The container and cruise terminals at the Port of Venice have undergone many changes in the last decade but the development has been centred around the impact on local people and the environment, writes Marta Citron, chief of the environmental department, Alberta Parolin, official in urban Planning, Venice Port Authority.

The Port of Venice, located in the northern part of the Adriatic sea, in Italy, is one of the key components of the freight logistic chain in the Veneto Region and in the North-East Italian economic area.

Its location, at the top end of the Adriatic sea, as well as at the intersection of the main European transport corridors and of the Motorways of the Seas (MoS), gives it the right position to act as a European gateway for trade flows to and from Asia.

The port is divided into two different operative areas, the commercial terminal area, which is located in the hinterland (Porto Marghera), and the cruise terminal area (Marittima), located in the historical centre.

Venice Port Authority (VPA), works towards both the economic needs of maritime operators and safeguards the artistic/historical heritage located in the centre of Venice, by working to reduce passenger traffic issues through defining green policy, respecting international and national regulations and creating a proactive strategy to reduce impact.

In Venice's case, these goals can only be achieved by preserving the lagoon environment and the cultural heritage of the historical centre, which thanks to their unique characteristics are the driving elements that attract tourists.

To better explain the actions and projects of Venice Port, this article is divided into two sections. In the first section, new projects will be described in relation to progressive specialisation of port infrastructure and their relationship to Venetian heritage. The second section will deal with scientific issues.

Specialisation of infrastructure

The new Motorways of the Sea (MoS) ro-ro terminal located in an old abandoned and polluted industrial area in the southern of port territory, represents an important intervention of reconversion and remediation of port zones. Its location far from the historical centre, means a reduction of traffic congestion and related impact on Venice.

The picture on the next page, shows Marittima Station with ro-ro vessels at berth. The number of ferries entering through the Lido Inlet is around 500 per year. The elimination of the transit of these 500 calls through St Mark's Basin and the Giudecca Canal has had a discernibly positive effect on port traffic through Venice. For this reason, the Motorways of the Sea Terminal, which started operations in 2014, brings environmental, social and economic benefits of great significance the city.

Over the years, VPA has had to find new tools for analysing, planning and managing the best way to enhance the historical centre, transforming it from a strictly port/commercial and passenger area, into a multi-purpose area connected to the urban centre. This has led to the definition of operational areas dedicated to port activities and integrated areas. The aim has been to promote the port's ability to fit in with the scope and the activities of the city.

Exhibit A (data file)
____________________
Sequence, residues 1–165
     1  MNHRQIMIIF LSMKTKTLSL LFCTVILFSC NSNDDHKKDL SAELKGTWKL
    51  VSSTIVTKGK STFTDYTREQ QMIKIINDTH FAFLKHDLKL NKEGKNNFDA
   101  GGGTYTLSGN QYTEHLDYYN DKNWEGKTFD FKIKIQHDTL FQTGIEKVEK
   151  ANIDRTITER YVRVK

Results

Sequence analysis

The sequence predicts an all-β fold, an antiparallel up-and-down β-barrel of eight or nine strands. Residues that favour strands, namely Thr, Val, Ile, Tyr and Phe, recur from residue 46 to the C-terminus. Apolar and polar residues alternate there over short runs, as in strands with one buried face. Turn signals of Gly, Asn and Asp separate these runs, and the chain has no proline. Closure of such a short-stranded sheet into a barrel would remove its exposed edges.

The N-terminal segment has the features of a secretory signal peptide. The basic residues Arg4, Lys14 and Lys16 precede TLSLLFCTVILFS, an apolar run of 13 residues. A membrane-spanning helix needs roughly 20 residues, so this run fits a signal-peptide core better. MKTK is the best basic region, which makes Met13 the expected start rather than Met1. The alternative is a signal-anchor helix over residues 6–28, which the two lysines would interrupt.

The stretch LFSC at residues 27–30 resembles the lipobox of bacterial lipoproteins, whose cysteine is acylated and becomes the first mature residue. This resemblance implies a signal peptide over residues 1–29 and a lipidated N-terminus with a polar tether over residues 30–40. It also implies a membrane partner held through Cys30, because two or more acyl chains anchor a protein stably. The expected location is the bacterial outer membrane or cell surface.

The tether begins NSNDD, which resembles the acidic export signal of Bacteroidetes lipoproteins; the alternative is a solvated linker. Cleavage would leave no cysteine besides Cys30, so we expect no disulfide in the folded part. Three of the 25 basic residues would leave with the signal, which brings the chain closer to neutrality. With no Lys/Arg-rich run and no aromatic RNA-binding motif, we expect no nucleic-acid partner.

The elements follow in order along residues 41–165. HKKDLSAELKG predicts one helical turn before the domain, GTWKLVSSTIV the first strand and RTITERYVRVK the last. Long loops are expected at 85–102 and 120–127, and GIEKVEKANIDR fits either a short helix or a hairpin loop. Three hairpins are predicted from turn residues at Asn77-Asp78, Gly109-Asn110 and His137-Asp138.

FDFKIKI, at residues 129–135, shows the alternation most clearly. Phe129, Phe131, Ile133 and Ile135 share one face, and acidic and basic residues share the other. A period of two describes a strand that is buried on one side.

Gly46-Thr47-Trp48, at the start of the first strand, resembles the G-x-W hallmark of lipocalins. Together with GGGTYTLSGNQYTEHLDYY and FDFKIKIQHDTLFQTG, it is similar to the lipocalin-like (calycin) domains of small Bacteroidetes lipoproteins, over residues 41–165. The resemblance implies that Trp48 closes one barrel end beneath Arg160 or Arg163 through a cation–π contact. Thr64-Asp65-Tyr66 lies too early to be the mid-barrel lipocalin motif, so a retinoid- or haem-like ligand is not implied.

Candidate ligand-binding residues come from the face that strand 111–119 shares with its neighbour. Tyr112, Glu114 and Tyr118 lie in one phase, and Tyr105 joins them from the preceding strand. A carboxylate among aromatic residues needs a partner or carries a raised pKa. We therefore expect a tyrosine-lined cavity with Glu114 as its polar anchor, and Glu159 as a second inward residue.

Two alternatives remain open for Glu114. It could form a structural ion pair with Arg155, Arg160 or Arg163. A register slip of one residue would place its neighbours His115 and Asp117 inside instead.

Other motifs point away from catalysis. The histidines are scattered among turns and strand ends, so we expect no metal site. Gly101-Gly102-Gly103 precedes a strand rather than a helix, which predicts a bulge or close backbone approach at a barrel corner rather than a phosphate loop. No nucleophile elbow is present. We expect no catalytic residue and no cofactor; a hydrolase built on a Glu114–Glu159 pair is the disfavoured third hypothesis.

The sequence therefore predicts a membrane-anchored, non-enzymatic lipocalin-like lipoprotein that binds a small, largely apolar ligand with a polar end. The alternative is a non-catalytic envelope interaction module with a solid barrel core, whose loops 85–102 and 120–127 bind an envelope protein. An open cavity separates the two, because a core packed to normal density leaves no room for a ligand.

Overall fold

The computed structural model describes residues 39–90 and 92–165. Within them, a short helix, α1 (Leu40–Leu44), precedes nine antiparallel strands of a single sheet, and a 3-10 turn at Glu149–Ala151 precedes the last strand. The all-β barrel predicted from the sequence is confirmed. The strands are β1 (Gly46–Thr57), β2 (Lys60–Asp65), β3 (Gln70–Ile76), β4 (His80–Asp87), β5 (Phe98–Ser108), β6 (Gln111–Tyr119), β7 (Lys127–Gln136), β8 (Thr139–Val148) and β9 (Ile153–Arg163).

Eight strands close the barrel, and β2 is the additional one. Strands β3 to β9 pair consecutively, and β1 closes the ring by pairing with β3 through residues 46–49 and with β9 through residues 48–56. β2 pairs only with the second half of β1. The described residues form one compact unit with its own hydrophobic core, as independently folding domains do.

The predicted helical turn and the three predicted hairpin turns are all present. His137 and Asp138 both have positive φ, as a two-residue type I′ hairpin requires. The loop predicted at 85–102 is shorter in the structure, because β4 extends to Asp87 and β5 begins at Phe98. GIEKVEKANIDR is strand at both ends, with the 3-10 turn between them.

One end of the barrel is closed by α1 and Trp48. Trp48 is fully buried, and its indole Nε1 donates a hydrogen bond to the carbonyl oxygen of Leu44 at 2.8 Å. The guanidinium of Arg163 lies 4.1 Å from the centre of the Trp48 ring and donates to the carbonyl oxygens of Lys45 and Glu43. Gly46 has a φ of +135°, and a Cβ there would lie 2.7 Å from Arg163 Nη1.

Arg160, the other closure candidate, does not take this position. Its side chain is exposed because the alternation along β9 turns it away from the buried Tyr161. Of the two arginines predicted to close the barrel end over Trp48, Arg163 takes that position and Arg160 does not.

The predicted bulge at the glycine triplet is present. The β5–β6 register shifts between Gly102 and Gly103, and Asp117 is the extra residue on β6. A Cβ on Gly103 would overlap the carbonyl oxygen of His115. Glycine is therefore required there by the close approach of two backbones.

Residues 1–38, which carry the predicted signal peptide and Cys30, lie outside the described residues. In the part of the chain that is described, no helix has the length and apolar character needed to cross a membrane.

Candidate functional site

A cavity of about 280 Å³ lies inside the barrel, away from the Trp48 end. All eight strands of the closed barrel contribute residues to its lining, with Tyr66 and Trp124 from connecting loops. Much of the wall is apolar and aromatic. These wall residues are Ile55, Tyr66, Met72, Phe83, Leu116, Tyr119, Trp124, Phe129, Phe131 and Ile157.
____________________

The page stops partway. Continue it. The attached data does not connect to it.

In 2000, port activities dedicated to cargo traffic located in the historical centre were moved to Marghera, but this meant old port areas and facilities, mainly warehouses, were abandoned.

So in the same year, VPA launched an urban regeneration process in the port's historical centre, by tearing down the wall that separated the port and the city, creating a pedestrian area and regenerating buildings, which are now used for specific urban/port functions. This process of opening up Venice port's waterfront to the city, is one of the best and tangible examples of the “open port” initiative promoted by the port authority to encourage dialogue and reach out to the local community.

This area has gradually been transformed into the “Citadel of port services” which sees the problem-free and low environmental impact cohabitation of port services linked to the port including forwarding agents, port service providers and shipping agents, the main offices of the Port Authority and Maritime Authority and the universities.

Proactive strategy and green policy

Another important issue linked to the relationship between port and city is the "emotive perception" of cruise traffic. Even if statistical data demonstrates that the number of passenger ships is decreasing in recent years and that the management of port traffic in the historical centre has been improved (thanks to removing cargo ships from the historical area), there is a constant debate about cruise transits along port channels. It is the disproportion between the dimensions of the cruise ships and the Venetian historical and architectural context that makes many Venetians feel like inhabitants of Lilliput faced with Gulliver-sized ships.

To overcome this issue, it is important to underline that port activities are an example of intangible heritage that designates the cultural wealth of a given society. In this sense, one of the central aims of VPA is the promotion of maritime and port culture preservation. The port's history was first documented in the 5th century AD and is indissolubly entwined with the history of the city. The bond between Venice and its port has remained unchanged and both strive to consolidate their outlook for the city's future growth.